Playing for Keeps (2012)
The story follows George Dryer (Gerard Butler), a former soccer player who goes back to try and patch things up with his son (Noah Lomax) and estranged wife (Jessica Biel) – who is engaged to remarry someone else – and ends up coaching the boys’ soccer team. He becomes the subject of fascination and desire by every bored house wife in town, especially the gorgeous Patti (Uma Thurman) who sets out on a mission to seduce the coach. Dryer must try to survive the extreme temptations of Patti and advances of the other soccer moms, as well as revive his relationship with his son.
This is a movie with a warm “feel good” ending and features a good story. It’s unfortunate that the film contains a few items which drive it over the top of our acceptability level for family-friendly viewing.
George Dryer (Gerard Butler) was a soccer star and the movie opens with three of his impressive goals from 1993, 1996 and 2005. However, an ankle injury shortens his career and now he is at a place in life in which he comes back into his son and ex-wife’s lives and he lobbies for a sports reporting job for TV. He has grown up a lot and is an easy-going affable guy. Unexpectedly he winds up coaching his son Lewis’s (Noah Lomax) soccer team, following the excitement from the kids when he steps in at a practice one day to offer them soccer tips. The team, the Cyclones, begin to improve under his tutorage. One of the film’s charms is when the various parents leave phone messages for Coach George, encouraging him to play their kids or, in one case, a dad wants George to make sure his daughter sings the National Anthem.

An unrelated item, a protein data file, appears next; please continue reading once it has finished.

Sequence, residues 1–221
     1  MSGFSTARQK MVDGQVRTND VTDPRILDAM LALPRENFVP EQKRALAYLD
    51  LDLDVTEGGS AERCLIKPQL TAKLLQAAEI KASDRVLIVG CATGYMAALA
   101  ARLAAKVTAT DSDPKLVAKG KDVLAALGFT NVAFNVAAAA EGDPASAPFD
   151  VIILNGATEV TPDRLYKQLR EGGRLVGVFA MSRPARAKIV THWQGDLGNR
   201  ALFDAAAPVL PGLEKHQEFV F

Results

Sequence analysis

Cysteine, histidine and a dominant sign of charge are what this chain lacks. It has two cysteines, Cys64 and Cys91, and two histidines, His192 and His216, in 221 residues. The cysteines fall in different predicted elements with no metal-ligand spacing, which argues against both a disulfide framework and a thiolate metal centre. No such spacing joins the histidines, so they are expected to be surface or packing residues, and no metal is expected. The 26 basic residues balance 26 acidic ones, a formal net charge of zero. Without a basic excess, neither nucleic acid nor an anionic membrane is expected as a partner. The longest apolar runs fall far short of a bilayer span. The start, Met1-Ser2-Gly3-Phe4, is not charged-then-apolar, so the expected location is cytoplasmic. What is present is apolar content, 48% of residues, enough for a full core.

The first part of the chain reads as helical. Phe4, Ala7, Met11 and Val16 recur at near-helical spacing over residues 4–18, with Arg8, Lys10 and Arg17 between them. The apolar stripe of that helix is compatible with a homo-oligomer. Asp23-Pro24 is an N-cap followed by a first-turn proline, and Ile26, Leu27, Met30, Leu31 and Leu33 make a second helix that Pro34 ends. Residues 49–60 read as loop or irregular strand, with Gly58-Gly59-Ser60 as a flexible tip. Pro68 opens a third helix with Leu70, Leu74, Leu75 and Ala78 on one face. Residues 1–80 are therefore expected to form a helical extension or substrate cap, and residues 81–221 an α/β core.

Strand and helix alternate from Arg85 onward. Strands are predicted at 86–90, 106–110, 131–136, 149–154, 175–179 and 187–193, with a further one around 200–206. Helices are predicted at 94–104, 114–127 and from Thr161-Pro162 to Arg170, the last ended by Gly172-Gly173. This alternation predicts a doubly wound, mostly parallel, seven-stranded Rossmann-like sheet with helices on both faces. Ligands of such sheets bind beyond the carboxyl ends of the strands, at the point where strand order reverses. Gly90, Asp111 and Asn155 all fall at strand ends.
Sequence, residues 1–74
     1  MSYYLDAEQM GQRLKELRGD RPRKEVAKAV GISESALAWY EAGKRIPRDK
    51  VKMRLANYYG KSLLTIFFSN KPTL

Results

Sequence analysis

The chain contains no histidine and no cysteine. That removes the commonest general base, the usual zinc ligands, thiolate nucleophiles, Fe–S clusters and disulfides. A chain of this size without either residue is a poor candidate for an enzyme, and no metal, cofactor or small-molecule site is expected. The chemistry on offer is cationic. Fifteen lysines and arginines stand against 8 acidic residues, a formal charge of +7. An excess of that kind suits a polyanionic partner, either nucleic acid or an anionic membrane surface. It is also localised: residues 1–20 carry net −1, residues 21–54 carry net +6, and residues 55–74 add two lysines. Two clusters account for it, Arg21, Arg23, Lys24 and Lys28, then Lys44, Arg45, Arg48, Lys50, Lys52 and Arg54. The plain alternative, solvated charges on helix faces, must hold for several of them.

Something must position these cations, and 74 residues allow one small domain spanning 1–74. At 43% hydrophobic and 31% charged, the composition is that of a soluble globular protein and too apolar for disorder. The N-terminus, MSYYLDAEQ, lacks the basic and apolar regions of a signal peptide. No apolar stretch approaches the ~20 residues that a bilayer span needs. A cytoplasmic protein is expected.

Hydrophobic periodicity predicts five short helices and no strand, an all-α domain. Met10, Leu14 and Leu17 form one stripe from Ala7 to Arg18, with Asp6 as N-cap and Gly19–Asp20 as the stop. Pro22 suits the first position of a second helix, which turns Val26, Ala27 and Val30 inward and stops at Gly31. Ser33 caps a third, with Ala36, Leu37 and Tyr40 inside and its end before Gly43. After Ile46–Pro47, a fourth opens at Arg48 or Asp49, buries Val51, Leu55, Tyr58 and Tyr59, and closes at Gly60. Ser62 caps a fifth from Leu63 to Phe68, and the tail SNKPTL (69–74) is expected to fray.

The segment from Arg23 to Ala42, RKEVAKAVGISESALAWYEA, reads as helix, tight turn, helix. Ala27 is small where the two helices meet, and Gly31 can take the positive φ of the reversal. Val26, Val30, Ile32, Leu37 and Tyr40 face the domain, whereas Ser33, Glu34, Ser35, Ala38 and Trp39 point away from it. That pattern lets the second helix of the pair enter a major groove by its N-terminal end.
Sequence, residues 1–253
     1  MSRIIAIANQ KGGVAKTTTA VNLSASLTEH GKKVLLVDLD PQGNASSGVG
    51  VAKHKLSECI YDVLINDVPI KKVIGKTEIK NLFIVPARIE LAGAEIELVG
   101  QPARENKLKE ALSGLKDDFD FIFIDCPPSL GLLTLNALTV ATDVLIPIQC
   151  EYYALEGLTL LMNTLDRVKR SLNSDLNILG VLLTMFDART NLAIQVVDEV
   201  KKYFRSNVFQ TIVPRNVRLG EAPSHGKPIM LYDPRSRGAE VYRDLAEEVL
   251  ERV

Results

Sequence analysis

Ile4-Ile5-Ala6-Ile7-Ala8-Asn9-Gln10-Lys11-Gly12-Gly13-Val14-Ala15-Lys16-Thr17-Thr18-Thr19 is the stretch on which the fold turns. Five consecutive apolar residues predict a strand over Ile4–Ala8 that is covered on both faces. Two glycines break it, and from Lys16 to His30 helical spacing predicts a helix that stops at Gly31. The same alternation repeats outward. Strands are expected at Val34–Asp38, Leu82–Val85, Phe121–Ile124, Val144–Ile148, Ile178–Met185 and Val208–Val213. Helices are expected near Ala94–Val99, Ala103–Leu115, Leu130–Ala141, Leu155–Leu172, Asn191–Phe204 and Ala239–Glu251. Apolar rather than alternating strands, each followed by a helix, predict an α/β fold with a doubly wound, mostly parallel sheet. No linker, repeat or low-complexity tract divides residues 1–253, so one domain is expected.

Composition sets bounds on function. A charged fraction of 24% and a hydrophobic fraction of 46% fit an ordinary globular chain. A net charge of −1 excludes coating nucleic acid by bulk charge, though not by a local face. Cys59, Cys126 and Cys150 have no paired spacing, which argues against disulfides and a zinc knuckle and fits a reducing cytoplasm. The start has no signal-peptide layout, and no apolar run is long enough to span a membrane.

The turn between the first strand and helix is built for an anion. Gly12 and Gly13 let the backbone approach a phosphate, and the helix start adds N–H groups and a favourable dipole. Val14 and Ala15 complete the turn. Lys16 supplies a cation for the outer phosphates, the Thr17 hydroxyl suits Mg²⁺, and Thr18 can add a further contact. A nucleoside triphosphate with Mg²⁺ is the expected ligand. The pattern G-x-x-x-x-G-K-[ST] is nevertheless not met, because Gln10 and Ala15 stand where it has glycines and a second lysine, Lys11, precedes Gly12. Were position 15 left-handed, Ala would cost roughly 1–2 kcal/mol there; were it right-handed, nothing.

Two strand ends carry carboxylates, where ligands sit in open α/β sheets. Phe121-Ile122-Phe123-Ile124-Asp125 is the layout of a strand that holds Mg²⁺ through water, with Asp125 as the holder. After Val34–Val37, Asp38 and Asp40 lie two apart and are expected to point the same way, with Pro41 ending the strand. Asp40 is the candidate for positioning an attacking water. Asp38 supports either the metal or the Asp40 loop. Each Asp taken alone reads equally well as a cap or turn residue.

George still has feelings for his ex, Denise (Jessica Biel), and it is obvious she reciprocates those feelings but she is engaged to be married to a man named Matt and she puts on a tough exterior. It doesn’t help that several of the kids’ moms find George attractive and indeed he ends up sleeping with two of them when they push the issue but he turns down an offer from a married mom who is lonely due to her husband’s philandering.
The story includes themes of the importance of family and responsibilities but the sexual situations and innuendos not to mention the use of a “Da*n you” by a character halts this one short of receiving our Dove Seal for family-friendly viewing.